LETTERS: Forget the poor, lower our taxes; Flores brothers fought for Texas

Forget the poor, lower our taxes

Hidalgo County Judge Richard Cortez wants to lower the poverty rate in Hidalgo County and invokes JFK’s old adage that all boats will rise with the tide. Sadly.

President Johnson declared the war on poverty in 1964; since then, according to the Heritage Foundation, the war has failed. More than $22 trillion was spent in the past 50 years by taxpayers on the poor with little effect on raising those boats. In fact, like a drug, the poor have become dependent on welfare, creating generations of welfare families.

On top of that, we live next to the border and that in itself creates poverty due to the overflow of indigents from Mexico and now Central America.

The people whose boats you should be raising are the homeowners and business owners whose taxes are raised every time a new property valuation is initiated by the county.

Judge, you talk about exploring new revenue streams to help the poor so you can throw more money at the poverty problem; that won’t solve it. Business owners and homeowners are losing the tax battle.

The county should be looking at more ways to keep people in their homes by lowering property taxes, have some county departments go to zero-based budgeting to legitimize their expenditures, in other words cut waste at the county level.

It’s a proven fact lower taxes generate growth, more homes sold, more appliances and furniture to fill those homes and so on and so forth. The funny thing is politicians all placate the poor and the indigent, promising them more while the backbone of America, the hard working taxpayer, gets thrown under the bus.

Jake Longoria


Flores brothers fought for Texas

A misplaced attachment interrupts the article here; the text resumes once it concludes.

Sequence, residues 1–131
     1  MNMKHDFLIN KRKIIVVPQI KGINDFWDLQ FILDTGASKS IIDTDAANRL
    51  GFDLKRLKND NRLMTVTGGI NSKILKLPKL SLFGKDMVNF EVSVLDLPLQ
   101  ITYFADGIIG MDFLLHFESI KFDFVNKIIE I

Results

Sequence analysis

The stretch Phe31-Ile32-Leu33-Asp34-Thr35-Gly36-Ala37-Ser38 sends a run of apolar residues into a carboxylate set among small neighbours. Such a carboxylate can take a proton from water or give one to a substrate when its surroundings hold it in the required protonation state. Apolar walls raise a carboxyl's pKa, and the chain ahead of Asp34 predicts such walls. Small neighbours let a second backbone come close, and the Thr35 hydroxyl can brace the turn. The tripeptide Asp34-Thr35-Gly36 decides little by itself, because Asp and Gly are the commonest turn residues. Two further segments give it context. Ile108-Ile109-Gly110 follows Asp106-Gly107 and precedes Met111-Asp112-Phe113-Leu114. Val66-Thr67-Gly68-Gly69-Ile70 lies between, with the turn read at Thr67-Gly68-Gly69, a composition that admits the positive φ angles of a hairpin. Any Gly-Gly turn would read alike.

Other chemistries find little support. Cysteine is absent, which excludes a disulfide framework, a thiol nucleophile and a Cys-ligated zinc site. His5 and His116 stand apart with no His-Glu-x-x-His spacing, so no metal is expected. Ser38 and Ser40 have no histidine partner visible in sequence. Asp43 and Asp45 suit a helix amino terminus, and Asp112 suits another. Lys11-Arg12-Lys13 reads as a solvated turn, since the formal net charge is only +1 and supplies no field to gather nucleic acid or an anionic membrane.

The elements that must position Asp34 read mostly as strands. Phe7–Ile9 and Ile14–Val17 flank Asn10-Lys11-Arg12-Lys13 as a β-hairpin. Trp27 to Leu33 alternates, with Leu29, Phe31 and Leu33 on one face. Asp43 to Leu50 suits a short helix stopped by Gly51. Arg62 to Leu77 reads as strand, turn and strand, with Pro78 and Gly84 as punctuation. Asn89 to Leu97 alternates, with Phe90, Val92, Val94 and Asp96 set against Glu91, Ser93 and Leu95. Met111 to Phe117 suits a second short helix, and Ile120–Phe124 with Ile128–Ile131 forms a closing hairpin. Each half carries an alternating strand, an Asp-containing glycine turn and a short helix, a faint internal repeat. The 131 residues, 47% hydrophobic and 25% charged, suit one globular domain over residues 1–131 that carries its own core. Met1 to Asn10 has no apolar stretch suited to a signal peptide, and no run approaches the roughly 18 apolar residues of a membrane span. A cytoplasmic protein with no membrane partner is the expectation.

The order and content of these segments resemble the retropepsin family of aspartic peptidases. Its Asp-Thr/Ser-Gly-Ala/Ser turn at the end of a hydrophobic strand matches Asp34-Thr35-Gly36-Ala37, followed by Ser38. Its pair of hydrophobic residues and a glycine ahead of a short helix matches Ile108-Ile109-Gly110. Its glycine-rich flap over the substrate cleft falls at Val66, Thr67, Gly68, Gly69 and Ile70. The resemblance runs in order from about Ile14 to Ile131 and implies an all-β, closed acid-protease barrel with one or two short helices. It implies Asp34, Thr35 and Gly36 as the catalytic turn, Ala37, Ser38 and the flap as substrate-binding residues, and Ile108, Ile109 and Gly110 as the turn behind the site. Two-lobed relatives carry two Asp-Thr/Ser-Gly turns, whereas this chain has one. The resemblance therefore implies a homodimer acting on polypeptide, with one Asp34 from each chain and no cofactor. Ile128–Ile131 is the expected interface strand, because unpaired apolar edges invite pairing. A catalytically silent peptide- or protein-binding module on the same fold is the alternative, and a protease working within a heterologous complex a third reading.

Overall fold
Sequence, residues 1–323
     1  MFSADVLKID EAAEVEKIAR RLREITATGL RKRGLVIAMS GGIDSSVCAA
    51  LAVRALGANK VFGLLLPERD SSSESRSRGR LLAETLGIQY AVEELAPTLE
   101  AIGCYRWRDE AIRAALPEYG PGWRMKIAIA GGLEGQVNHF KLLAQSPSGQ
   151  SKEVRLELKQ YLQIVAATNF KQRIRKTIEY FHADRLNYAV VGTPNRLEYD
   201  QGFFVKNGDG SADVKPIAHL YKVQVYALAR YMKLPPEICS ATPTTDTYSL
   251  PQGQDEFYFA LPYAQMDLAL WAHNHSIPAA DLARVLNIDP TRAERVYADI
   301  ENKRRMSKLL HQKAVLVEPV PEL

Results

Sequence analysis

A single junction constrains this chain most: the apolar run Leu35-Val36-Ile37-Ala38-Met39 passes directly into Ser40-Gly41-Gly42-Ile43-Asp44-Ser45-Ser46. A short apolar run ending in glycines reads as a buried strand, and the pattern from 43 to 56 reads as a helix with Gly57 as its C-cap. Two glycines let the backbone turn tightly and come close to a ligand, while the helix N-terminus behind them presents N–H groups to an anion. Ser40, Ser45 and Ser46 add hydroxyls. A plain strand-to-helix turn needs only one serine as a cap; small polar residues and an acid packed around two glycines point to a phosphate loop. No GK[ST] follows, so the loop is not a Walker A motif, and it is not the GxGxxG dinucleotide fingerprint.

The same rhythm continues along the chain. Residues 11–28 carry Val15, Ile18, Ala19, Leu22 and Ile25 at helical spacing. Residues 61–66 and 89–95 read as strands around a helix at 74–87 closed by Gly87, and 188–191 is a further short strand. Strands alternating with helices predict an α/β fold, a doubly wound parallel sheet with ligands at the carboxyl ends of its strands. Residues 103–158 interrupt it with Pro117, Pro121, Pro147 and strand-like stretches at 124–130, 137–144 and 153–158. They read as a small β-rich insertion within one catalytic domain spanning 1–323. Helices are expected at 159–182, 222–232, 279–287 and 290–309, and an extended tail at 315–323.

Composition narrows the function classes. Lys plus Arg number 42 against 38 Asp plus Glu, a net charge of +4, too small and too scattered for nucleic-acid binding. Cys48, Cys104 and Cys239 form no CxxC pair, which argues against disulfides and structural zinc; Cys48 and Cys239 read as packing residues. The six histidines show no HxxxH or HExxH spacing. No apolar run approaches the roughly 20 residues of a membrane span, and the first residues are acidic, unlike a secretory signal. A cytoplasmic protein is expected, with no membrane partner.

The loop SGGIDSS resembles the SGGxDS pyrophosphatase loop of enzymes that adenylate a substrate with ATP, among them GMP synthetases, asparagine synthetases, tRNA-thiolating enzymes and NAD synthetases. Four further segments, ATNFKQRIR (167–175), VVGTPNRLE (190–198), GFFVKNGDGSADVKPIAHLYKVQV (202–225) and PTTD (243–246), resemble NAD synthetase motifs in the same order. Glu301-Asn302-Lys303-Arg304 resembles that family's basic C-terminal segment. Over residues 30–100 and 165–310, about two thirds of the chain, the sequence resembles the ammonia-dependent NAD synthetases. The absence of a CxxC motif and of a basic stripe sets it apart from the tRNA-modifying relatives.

Texas history has long forgotten the four Flores brothers who fought for Texas independence in 1836. According to the memoirs of Capt. Juan Seguin, his four brothers-in-law, Salvador, Manuel, Nepomuceno and Jose, served in his company of Tejanos against Mexican Gen. Antonio Lopez de Santa Anna as well as their father, Juan Jose Flores de Abrego, who supplied corn, sheep, hogs and cattle to the Texas Army.

After Capt. Seguin was given the responsibility of foraging for food and supplies for Texas soldiers in San Antonio, 1st Lt. Salvador Flores, the second in command, had to maintain the scouting patrols and continue to recruit Tejanos for the military campaign. Salvador and Manuel fought together with Seguin at the Battle of Bexar under Col. Ben Milam and at the Battle of Concepcion under Col. Jim Bowie. These two brothers also were involved at the Grass Fight outside of San Antonio along with Deaf Smith, chief of Texas scouts.

After the fall of the Alamo, Gen. Sam Houston ordered Salvador Flores and about 25 Tejanos, who included his baby brother Jose, to scout the ranches south of San Antonio to protect them from Indian raids and Mexican deserters. Gen. Houston also gave Capt. Seguin and his Tejanos, who included Manuel and Nepomuceno, the responsibility of being the Rear Action Guard to protect his army from being attacked from behind by the Mexican cavalry. At San Felipe, Seguin and his Tejano vaqueros prevented the Mexican cavalry from crossing the Brazos River to attack Houston’s soldiers.

At the Battle of San Jacinto, Manuel and Nepomuceno fought with Seguin’s company of Tejanos who marched to victory that helped Gen. Houston win Texas independence.

After the war, Salvador and Manuel were promoted to captains and Nepomuceno was promoted to lieutenant to serve in Lt. Col. Seguin’s Army of the West in San Antonio. Jose would go back to run his father’s ranch in Floresville.

Texas independence was fought for and won because of the contributions of Tejanos like the four Flores brothers, Salvador, Manuel, Nepomuceno and Jose, but when is Texas history going to give these Tejano heroes their rightful place with the rest of our Texas heroes?

Jack Ayoub


Letters to the Editor are written by concerned citizens just like you. To submit your own letter to the Editor email to letters@themonitor.com. Limit letters to 300 words. We will not publish anonymous letters, personal attacks or consumer complaints. Include your full name, address and a phone number for verification. All letters are subject to editing.